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Question DetailsAsked on 6/19/2017

Water heater pilot stays on but goes out when burner goes out. ThermoC assy & gas valve have been changed.

Pilot-thermocouple assembly and gas valve have been changed out with new factory parts. The pilot lights fine and will stay lit indefinitely in pilot light mode with the knob released. Once the knob is turned and the burner lights, it also stays on fine and heats the water. Once water reaches temperature, the burner and pilot go out. I believe that sometimes they may go out before the water reaches temp. I have two water heaters plumbed in series with the exact same symptoms. I believe it's the gas line input but the gas company came out and said that pressure is fine.

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Assuming it is not factory-defective gas control valves, my guess would be the gas supply to the heaters is not large enough for two to fire at the same time - so when one is firing and the other kicks on, the gas pressure drops enough that the safety in the gas control valve drops out and shuts the gas off.


Knowing if the heaters are reaching full temp each time (by measuring water temp a nearby draw point several times) might also help - if always reaching full temp, that makes it odder - if shutting off early, or only when both are firing, then simpler to guess the cause.


Try setting one of them to pilot only and the other to normal operation and see if the other one works OK that way alone for a half day or day or so, then maybe vice-versa. If both work OK alone, then it pretty much has to be a pressure drop in the line at the heaters because the gas supply line is too small for the demand on it.


When the gas company came, did they measure the static pressure or the line pressure at the heaters with both running - I am guessing the first. It may well be the pressure at the heaters is dropping way down when the second one fires up because the line is too small to conduct enough gas to two of them (comes into building at only 1/4 to 1/3 psi normally).


It is also possible the problem is household capacity (plumber or gas company should be able to tell you line size needed for total simultaneous gas BTU/hr demand in the building) - maybe when range or clothes dryer or furnace/boiler or such is kicking on that is drawing the pressure down enough that it is causing the gas control valves to kick out. Gas pressure should be checked with both water heaters on, and if that is OK then maybe try using other gas appliances too at same time to see what pressure drops to.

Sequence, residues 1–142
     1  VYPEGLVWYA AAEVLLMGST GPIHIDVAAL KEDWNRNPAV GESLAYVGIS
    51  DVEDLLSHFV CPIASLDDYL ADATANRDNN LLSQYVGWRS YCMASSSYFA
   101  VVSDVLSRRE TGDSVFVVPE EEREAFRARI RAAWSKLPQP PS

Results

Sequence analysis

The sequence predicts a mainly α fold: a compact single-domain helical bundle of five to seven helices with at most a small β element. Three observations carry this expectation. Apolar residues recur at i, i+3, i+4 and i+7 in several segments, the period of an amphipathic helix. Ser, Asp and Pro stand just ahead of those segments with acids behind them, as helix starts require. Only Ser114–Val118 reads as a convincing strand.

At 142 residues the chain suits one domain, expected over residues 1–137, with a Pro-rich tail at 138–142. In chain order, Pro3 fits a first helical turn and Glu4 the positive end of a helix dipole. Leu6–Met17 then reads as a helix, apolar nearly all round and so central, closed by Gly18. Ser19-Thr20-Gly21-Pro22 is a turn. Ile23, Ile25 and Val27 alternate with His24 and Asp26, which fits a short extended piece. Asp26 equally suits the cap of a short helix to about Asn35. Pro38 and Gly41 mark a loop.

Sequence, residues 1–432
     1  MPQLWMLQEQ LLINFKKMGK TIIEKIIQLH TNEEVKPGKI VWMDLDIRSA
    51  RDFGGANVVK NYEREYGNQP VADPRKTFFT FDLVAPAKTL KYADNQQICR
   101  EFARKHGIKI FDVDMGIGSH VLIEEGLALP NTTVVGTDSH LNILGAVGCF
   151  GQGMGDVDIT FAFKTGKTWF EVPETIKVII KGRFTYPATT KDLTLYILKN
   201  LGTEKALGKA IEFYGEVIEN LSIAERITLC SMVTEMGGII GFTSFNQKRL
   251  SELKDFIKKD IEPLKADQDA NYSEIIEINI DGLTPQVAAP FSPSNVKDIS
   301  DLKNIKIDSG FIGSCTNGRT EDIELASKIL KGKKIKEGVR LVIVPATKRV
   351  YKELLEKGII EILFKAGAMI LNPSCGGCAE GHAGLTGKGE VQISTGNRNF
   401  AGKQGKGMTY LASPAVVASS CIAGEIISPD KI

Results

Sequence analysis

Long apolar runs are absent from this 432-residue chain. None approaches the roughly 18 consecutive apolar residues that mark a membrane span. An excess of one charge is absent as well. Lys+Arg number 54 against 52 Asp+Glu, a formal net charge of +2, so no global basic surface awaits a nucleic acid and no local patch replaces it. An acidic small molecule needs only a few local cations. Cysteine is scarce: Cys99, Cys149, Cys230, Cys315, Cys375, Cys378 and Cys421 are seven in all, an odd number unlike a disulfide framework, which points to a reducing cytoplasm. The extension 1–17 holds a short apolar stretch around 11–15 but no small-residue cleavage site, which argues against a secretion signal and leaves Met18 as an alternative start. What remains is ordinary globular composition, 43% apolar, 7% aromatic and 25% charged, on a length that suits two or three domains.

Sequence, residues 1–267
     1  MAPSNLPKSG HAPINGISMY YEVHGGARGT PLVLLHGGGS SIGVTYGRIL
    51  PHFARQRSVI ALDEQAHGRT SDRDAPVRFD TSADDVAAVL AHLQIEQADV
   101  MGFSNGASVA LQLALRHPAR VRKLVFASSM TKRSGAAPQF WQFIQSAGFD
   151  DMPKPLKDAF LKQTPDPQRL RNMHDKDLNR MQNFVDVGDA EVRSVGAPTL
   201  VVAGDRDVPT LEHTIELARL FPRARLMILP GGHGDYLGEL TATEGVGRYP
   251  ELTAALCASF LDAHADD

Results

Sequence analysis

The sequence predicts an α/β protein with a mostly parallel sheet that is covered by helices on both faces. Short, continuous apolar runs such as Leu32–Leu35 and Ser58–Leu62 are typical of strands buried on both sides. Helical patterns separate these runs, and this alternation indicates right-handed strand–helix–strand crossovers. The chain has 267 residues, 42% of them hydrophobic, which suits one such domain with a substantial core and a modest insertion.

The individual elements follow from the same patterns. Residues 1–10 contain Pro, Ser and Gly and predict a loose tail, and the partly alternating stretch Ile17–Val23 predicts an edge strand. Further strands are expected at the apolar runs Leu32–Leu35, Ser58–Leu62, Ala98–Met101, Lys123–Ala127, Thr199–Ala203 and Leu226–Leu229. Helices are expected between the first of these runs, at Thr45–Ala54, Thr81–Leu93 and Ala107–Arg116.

If this is for an apartment building or condo or such with dubious pipe sizing, this is not uncommon on workdays - residents waking up or coming home at about the same time and using a lot of hot water for showers, gas range for cooking, gas dryer for laundry - all at about same time. Most common at AM in cold weather (people getting up and using gas PLUS cranking thermostat up (manually or auto setback) and increasing heating load with doors opening as people go out, more commonly in evening/night around dinner time in normal or hot weather because of showers/cooking/laundry. Some areas also have peaks on a certain day of the week, commonly in neighborhoods with a concentration on one ethnicity or religion which leads a lot of people to use a lot of gas at one time - the proverbial Saturday night bath for instance, but also evenings around dinner time due to laundry (especially infant/baby lanudry) and child baths all around same time of evening. Obviously, if this is the case, your shutdowns would be tied to a certain time of day. For instance, if you relight at night and they do not shut off overnight but do in the morning about 7AM in in the evening about 6-8PM, that is a likely cause - not large enough pipes, or an undersized gas meter or building feedline size maybe.


On the gas line feed thing - do you have any other standing pilots in appliances, furnace, boiler, etc - if they are going out too then a gas meter problem is probably more likely, because the water heaters shutting down due to too low an input pressure would not be expected to drain the gas pressure in the rest of the line enough to shut down other appliance pilots.


Of course, if this has been the setup for some time and you have not added new gas appliances in the building (or they are not being used when it occurs) then a meter problem becomes a whole lot more likely.


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One totally different possibility - firebox drafting - either blowing out the pilot (so the gas burner shuts down too because thermocouple/thermopile goes cold)) due to excessive drafting of the flue due to wind, or a flue failure due to partial flue blockage backing the gas into the firebox and tripping out a safety sensor (firebox overheat or flame rollout for instance) - or if high efficiency water heaters with direct venting, perhaps the venting is wrong and the flue eduction fan or its sensors are not working right, the two are run into one flue so the eduction fans are backdrafting or excessively drafting the other one, etc.


Or if other appliances are on a gravity flue, maybe you have too many appliances connected (or connected wrong way) for the flue size so when the furnace/boiler for space heating kicks on, the flue drafrting is too strong so it is blowing out the pilot or overcooling the thermocouple, causing the gas to shut off at the water heaters.


Sounds to me like you need a diagnostic-inclined technician from a Heating and A/C contractor, rather than a plumber, to look at this - gas supply and flue issues are more in their line than a plumber's.

Answered 1 year ago by LCD




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